The best trillion hip-hop records you may never hear
Freddy Fresh Presents, The Rap Records
To paraphrase the Book of Ecclesiastes, to every thing there is an obsession--and a book documenting that obsession. For synonyms, there was Peter Mark Roget, who compiled a lifetime's worth of notes into his seminal 1852 thesaurus. For world records, there was Sir Hugh Beaver of the Guinness Brewery, who commissioned his Guinness books in 1955 to settle an argument over the relative flight speeds of the golden plover and grouse. Now, for hip-hop records released between 1979 and 1988, there is St. Paul-based DJ and producer Freddy Fresh, whose new book, Freddy Fresh Presents, The Rap Records, is nothing less than a list of every "old-school" rap record ever made.
"It's a specialized subject," admits Fresh, speaking over his cell phone while driving around St. Paul. "But the people who do care about it are going to go to great lengths to get it."
Available through his website, www.freddyfresh.com, the inch-thick spiral paperback is pure collector's porn. Where else would you find the complete discography of Harlem's storied Delmar International Records, whose classic but undistributed 1980 singles now sell for as much as $400 each? Fresh offers some label history, but mostly sticks to reproducing the cool graphics and transcribing essential data such as catalogue number, artist, title, and year, with a zero-to-five rating system for rareness (five being what an Ego Trip editor would presumably sell his grandma's kidneys for). Even if you don't know Spicey Ham from Sweet Cookie, The Rap Records provides its own visceral sort of entertainment: I'll probably never hear, nor buy, "The Brake Is Death" by the Rappermatical 5 (on Connecticut's Dynamite Records), but the title and visuals are their own reward.
Probably nobody but Freddy Fresh could have, or would have, put such a book together. A breakbeat techno headliner abroad who keeps a low profile here, Fresh has performed in more than 30 countries since he began spinning at local roller rinks in 1981 (see "Freshen Up" 9/30/98 in the www.citypages.com article archive). Having collaborated with everyone from Boogie Down Productions to Fatboy Slim, he's become the sort of resourceful indie who sells music to beer companies while putting out colored-vinyl 45s--including a new Kool Moe Dee remix and the many singles that make up a new collection of originals, Have Records Will Travel--on his own Howlin' Records imprint. Freddy Fresh Presents, which he released himself, grew out of his craving for the vinyl he first heard on mixtapes in the Bronx, where he began spending summers in 1984.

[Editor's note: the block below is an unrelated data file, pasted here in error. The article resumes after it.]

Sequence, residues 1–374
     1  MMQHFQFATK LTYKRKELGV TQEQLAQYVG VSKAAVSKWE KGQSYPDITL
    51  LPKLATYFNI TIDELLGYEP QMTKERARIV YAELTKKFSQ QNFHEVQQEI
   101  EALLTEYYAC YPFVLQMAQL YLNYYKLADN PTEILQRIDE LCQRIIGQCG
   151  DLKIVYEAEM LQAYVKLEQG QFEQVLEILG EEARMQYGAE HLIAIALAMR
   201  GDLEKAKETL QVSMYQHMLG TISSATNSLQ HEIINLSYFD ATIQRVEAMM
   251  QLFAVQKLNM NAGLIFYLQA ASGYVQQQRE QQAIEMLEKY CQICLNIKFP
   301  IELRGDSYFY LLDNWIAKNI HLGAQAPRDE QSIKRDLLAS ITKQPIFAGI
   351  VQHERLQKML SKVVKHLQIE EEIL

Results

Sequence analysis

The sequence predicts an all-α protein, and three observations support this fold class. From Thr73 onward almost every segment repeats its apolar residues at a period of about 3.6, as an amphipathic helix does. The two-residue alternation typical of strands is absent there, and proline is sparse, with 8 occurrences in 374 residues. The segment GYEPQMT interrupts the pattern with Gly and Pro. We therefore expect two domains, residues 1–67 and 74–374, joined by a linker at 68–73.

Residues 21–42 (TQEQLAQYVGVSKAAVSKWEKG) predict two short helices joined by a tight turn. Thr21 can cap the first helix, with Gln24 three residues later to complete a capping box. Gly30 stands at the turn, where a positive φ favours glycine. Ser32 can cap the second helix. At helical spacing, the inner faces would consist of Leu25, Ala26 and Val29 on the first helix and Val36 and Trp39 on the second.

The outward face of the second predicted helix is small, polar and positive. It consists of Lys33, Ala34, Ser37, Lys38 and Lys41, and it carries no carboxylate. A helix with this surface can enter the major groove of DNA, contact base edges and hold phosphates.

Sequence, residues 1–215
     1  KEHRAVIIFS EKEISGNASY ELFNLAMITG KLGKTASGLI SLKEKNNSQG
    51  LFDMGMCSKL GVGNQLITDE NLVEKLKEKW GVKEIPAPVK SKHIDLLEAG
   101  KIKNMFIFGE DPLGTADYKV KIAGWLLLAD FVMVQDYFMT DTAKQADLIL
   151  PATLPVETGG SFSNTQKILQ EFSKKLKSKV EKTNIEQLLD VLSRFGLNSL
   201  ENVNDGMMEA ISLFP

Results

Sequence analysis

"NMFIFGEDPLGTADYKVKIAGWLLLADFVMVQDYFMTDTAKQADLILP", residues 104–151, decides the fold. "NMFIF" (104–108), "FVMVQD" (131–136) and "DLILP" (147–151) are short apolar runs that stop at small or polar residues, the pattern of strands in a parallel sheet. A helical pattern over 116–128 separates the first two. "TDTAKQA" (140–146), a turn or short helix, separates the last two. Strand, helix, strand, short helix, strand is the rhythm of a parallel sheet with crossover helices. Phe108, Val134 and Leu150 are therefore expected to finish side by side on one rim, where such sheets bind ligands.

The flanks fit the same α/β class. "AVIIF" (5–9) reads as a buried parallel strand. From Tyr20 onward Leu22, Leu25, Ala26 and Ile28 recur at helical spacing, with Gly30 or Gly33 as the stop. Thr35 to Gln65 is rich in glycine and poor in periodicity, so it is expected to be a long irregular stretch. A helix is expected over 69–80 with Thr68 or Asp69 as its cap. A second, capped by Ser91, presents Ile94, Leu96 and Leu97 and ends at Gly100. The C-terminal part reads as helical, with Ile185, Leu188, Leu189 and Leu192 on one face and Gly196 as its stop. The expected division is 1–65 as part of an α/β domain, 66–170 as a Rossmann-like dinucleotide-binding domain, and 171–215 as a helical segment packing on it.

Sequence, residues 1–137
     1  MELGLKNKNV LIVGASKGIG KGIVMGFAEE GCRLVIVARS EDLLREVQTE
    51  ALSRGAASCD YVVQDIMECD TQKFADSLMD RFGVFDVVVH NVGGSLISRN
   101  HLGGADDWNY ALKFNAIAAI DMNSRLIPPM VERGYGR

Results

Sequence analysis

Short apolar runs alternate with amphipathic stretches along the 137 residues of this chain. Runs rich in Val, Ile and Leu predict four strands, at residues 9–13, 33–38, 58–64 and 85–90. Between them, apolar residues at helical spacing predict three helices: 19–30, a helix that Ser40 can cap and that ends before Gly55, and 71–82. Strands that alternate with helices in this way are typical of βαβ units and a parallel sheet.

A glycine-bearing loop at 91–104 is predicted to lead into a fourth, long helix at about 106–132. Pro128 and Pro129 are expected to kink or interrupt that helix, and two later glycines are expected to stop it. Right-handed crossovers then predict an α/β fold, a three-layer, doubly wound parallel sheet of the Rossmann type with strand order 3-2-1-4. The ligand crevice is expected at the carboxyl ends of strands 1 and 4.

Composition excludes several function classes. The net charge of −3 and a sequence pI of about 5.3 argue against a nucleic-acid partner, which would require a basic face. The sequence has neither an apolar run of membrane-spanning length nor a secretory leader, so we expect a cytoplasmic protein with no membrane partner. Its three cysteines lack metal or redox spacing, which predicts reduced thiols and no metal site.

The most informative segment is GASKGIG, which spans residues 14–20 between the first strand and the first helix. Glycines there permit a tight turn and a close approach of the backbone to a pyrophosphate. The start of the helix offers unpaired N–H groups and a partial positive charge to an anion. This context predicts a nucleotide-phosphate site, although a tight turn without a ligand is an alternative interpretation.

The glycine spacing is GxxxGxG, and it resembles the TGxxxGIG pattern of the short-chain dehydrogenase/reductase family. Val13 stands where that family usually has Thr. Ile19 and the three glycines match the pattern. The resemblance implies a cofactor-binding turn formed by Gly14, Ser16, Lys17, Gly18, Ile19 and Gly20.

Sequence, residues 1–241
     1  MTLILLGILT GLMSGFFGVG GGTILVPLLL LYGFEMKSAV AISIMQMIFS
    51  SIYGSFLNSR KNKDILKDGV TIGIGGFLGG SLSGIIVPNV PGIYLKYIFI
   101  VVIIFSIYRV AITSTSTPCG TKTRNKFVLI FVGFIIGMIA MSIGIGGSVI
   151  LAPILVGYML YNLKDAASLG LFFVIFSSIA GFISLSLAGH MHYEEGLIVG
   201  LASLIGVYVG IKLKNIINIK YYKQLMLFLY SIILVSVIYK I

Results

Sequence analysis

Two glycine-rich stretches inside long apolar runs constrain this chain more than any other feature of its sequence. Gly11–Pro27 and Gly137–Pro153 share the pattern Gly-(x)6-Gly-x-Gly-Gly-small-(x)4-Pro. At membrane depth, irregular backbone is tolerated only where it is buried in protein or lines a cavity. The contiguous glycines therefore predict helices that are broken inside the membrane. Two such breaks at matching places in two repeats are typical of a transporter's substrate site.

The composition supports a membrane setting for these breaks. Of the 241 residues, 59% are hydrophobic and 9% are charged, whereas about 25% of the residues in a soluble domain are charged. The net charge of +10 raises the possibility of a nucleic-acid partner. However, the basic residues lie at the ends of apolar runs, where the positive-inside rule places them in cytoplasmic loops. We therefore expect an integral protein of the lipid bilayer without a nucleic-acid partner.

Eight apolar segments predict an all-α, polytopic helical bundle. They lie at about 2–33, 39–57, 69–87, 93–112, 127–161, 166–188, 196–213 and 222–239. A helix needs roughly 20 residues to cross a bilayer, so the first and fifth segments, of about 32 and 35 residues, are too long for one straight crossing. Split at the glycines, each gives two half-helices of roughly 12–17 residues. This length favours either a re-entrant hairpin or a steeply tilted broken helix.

"I've worked at record stores forever, and I've always been writing down titles of records, because a lot of times in Minnesota, back in the independent days, you couldn't get these records," he says. "So I just happened to have all these notes lying around, and over the years I've added to them because I always wanted to know what records I was missing from individual labels."
Joining the computer age five years ago speeded up the process, he says. For the past three years, he's labored more resolutely to turn the old lists into a book, hitting up old-school hip-hoppers and collectors across the globe for information on the rarest labels. His unique circle of contacts came into play when he learned that the priceless collection of Lenny Roberts, late compiler of Ultimate Breaks & Beats, was still up for sale.
"I used to hang out with Lenny in the Bronx," Fresh says. "He taught Ultramagnetic MCs and Biz Markie and all these guys about breakbeats--and me, too. He did a limo service on the side, and I rode around with him and got a lot of his knowledge."
Fresh had been offered the collection for an amount he couldn't afford, he says, but when he heard Roberts's family was paying monthly fees to store the records in a North Carolina warehouse, he found a buyer in England. For negotiating the deal, Fresh received 25 of the rarest platters as compensation. Now he's working on a compilation CD of rare and out-of-print hip-hop tracks that promises to be an American counterpart to his spectacular UK-only 2002 mix CD, B-Boy Stance: Original Old Skool Party Rockers (Strut), featuring the Super 3, Scott La Rock, and 24 others.
Fresh rarely appears in town, preferring to spend time with his family, but he still keeps an ear to the local scene. "I'm producing a rap album for my daughter's boyfriend right now, Mr. Mannish," he says. "It's not old-school, it's more like borderline gangster stuff, actually."
By coincidence, the genre's harshest realities suddenly impinge on our interview.
"I'm driving through the Midway and there's a SWAT team with a guy on the ground holding a gun to him," Fresh says, interrupting my questions. "Can you believe this shit? They're roughing the guy up. It's like New York all over again."
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